Spring Flood 2022: Gatineau was ready for the worst, flooding averted
With the annual spring flood approaching, Gatineau had prepared in advance this year to avoid flooding and damage to its infrastructure and residents' properties. Since May 23, 2022, authorities have been closely monitoring local water levels and the rivers along the city. The areas at risk are known and are currently in neutral monitoring mode, after a week that started in emergency.
Mayor France Bélisle invited the media on May 26, 2022 for a press conference with Sophie Brochu, CEO of Hydro-Quebec, Denis Doucet, Emergency Measures Coordinator, as well as some of her colleagues from the City Council, including Tiffany-Lee Norris Parent and Louis Sabourin, whose districts of Touraine and Limbour, which border the Gatineau River, are affected by the flood threat.
At the press conference held at the Alonzo-Wright Bridge, the Mayor and experts in attendance provided the latest updates on water levels and continued to encourage residents in the area to pick up sandbags, courtesy of the City, at the various collection points and to build a dike around their property.
The rainy days of mid-May and the drawdown of the Baskatong Reservoir had authorities worried enough to ask boat, dock and watercraft owners, on May 24, to remove their equipment from the water. Although the concern was palpable, it appears that water levels in the Gatineau River have dropped enough that the City and its stakeholders are back in surveillance mode and lifted the dike construction notice on May 30.
Some municipalities in the Gatineau Valley have unfortunately seen the river overflow into their communities. Certain areas of the cities of Maniwaki and Gracefield are currently flooded and many streets and roads are still closed to traffic.
Overview of the situation:
March 17, 2022: The City of Gatineau officially announces the start of the annual observation of water level fluctuations in the region.
May 23, 2022: An increase in water levels due to rapid snowmelt, weather conditions and the accumulation of water in the Baskatong Reservoir, which is to be released gradually on a daily basis, prompted the City to hold a press conference at which it was announced that the Emergency Measures Coordination Centre (CCMU) was officially opening its doors and phone lines. Gatineau advises its citizens that sandbags and bulk sand will be distributed and available at designated pick-up points. Dikes along some roads (such as the section of A-50 near Lac-Leamy) will be erected.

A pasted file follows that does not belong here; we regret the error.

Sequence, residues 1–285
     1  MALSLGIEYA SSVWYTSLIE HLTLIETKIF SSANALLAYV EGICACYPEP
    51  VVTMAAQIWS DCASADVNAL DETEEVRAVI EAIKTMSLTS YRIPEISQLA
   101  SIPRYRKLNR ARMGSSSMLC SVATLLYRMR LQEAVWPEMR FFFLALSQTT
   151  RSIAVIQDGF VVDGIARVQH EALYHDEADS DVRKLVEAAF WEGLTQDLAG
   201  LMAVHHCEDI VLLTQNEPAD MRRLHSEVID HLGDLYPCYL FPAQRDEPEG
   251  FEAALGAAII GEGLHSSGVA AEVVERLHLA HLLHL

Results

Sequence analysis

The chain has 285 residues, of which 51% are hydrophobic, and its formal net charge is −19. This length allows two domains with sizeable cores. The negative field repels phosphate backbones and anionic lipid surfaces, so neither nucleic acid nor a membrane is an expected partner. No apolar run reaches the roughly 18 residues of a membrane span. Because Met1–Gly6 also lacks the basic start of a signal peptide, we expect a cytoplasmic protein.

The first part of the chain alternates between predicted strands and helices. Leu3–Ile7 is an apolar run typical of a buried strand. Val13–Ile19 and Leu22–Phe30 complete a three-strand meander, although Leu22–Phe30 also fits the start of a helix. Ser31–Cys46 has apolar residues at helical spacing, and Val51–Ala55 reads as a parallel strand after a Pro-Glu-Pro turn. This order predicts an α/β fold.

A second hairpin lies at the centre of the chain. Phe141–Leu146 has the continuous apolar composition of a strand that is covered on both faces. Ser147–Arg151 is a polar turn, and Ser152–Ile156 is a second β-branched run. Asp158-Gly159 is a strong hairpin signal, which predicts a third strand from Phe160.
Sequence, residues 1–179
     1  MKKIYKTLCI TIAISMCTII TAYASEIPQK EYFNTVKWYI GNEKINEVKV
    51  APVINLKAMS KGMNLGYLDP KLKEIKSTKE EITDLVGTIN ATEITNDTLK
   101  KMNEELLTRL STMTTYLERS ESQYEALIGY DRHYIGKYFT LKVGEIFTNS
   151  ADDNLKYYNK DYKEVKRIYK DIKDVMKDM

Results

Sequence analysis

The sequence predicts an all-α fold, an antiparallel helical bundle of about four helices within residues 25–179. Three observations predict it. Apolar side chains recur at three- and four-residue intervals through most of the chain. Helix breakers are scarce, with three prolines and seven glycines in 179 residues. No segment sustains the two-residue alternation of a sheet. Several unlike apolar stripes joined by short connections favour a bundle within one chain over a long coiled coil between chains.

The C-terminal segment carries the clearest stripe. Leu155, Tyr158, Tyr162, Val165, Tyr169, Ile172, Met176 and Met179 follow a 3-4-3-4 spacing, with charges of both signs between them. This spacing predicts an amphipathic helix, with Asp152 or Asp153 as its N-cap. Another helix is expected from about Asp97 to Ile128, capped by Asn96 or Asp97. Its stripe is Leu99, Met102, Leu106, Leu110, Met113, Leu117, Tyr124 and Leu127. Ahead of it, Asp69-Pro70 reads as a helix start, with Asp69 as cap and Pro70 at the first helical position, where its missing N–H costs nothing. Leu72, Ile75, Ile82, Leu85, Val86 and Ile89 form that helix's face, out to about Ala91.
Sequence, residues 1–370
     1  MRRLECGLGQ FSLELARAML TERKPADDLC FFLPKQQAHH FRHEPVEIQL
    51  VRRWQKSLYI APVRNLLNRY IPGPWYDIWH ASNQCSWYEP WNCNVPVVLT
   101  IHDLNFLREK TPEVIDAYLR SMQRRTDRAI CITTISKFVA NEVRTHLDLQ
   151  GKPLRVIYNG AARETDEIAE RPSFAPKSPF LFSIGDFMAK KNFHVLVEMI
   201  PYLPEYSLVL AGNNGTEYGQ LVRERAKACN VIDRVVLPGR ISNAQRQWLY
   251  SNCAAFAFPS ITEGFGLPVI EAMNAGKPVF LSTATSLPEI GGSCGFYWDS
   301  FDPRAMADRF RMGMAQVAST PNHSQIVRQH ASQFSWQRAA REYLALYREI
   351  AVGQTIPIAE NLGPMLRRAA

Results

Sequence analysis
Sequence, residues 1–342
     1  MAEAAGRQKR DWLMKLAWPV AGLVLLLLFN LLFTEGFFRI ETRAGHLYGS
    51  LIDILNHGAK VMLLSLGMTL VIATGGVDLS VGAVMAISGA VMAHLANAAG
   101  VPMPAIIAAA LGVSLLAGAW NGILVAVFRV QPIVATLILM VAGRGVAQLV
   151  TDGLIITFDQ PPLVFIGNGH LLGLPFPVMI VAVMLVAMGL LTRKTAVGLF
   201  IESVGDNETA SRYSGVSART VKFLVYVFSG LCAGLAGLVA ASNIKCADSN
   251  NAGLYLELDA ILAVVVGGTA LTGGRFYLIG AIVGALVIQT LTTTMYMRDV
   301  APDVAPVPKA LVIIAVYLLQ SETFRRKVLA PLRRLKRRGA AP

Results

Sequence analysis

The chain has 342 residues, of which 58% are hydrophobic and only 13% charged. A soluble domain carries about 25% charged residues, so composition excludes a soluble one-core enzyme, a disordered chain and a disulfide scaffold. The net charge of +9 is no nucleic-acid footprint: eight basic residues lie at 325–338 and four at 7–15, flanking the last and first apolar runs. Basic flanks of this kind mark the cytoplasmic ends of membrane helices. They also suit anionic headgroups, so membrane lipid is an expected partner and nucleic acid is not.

May 24, 2022: The City of Gatineau asks boat, dock and watercraft owners to remove their equipment from the Gatineau River. Continuing their constant monitoring, authorities also announced that additional pumps would be put in place in certain areas to relieve the sanitation system, as well as the preventive opening of a disaster center.
May 25, 2022: At a press conference, Gatineau officials, including the Mayor and Emergency Measures Coordinator Denis Doucet, reiterated that the City was closely monitoring the situation and that the sandbagging operation was well underway. The Limbour, Touraine and Pointe-Gatineau districts, all of which border the Gatineau River, have been identified as the areas most at risk of flooding.
May 26, 2022: Mayor France Bélisle holds a press conference near the Alonzo-Wright Bridge with Sophie Brochu, CEO of Hydro-Québec.
May 27, 2022: The City of Gatineau announces that the forecasts of their experts and the weather conditions are such that we can now switch from "emergency" mode to "surveillance" mode. Citizens are encouraged to maintain their dikes.
May 28, 2022: Gatineau remains in surveillance mode, despite some precipitations from the previous day.
May 29, 2022: According to authorities, water levels seem to be stabilizing. Citizens are encouraged to maintain their dikes. Official sand bags pickup days were announced for June 2 and 9, 2022 (Thursday).
May 30, 2022: Following an official drop in water levels, citizens can now dismantle their dikes and operations are back to normal. The City of Gatineau continues to monitor the region's waterways and remains vigilant.
Photo credit: Sonia Roy
Photo caption: From left to right: Sophie Brochu, France Bélisle, Denis Girouard, Louis Sabourin (blue), Daniel Champagne and Tiffany-Lee Norris Parent.